It is important to keep your personal tax affairs in order so that you avoid incurring any Tax Return late filing penalties. The cut-off dates are shown in the calendar, but the current penalties are:
|Late filing||Late payment||Penalty|
|Miss filing deadline||£100|
|30 days late||5% of tax due|
|3 months late||Daily penalty £10 per day for up to 90 days (max £900)|
|6 months late||5% of tax due or £300, if greater*|
|6 months late||5% of tax outstanding at that date|
|12 months late||5% or £300 if greater*, unless the|
|taxpayer is held to be deliberately withholding information that would enable HMRC to assess the tax due.|
|12 months late||5% of tax outstanding at that date|
|12 months & taxpayer deliberately withholds information||Based on behaviour:|
|deliberate and concealed withholding 100% of tax due, or £300 if greater.|
|deliberate but not concealed 70% of tax due, or £300 if greater.|
|Reductions apply for prompted and unprompted disclosures and telling, giving and helping.|
The timetable for making tax payments is relatively straightforward for the self-employed:
Again, a system of interest and penalties applies. For example, if any balance of tax due for 2017/18 is not paid within 30 days after 31 January 2019, HMRC will add a 5% late payment penalty as well as the interest that will be charged from 1 February 2019.
A further 5% penalty will be added to any 2017/18 tax unpaid after 31 July 2019, with a final 5% penalty added to any 2017/18 tax still unpaid after 31 January 2020. Interest is also charged on outstanding penalties, as well as on unpaid tax and NICs.
If there are cash flow issues, HMRC might be persuaded to accept a spreading of your next business tax payment — you will have to pay interest at the HMRC rate, but keep to the agreed schedule and late payment penalties will be waived. Arrangements need to be put in place before the due date for paying the tax, so talk to us in good time if you wish to apply.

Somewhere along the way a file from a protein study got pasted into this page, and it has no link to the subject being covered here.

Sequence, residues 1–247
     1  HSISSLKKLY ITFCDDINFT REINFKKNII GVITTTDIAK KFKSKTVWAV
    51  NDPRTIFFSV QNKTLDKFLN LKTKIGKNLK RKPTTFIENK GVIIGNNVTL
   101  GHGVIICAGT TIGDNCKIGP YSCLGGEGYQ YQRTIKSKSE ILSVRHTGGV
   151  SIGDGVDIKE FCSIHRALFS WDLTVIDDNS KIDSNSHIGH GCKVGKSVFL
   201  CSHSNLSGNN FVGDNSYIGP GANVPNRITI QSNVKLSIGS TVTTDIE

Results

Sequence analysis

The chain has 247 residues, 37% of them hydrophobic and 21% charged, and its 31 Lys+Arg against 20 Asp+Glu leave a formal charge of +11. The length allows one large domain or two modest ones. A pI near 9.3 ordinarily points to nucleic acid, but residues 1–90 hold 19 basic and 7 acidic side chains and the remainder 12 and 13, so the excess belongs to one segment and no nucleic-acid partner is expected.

Payments on account – Payments on account are normally equal to 50% of the previous year’s net liability. A claim can be made to reduce your payments on account, if appropriate, although interest will be charged if your actual liability is more than the reduced amount paid on account. There is no equivalent mechanism to make increased payments on account when the year’s tax will be higher, so you should ensure that you build a reserve of money to pay the balance of tax due.
Don’t wait until it’s too late if you have difficulties! Please tell us in good time about any issues facing your business, as we may be able to offer solutions.
Payments on account are not due where the relevant amount is less than £1,000 or if more than 80% of the total tax liability is met by income tax deducted at source. In these cases, the balance of tax due for the year, including capital gains tax, is payable on the 31 January following the end of the tax year.
Case Study: George is self-employed. His accounts are made up to 31 August each year. When we prepare the 2018 Return we will be including his profit for the year ended 31 August 2017, and that is the profit which will be taxed for 2017/18. George’s payments on account for 2018/19 will automatically be based on the 2017/18 liability. Providing we know that George’s profits for the year to 31 August 2018 are significantly less than the previous year, we can examine the figures, perhaps even prepare the annual accounts and, taking into account any other sources of taxable income, make a claim to reduce George’s 2018/19 payments on account, easing his cash flow by reducing the tax payments due in January and July 2019.
This guide was written specifically for Smart Accounting clients. Some of the information contained in this guide might not be applicable if you do not have a business managed by Smart Accounting. By necessity, this briefing can only provide a short overview and it is essential to seek professional advice before applying the contents of this article. No responsibility can be taken for any loss arising from action taken or refrained from on the basis of this publication. Details are correct at time of writing.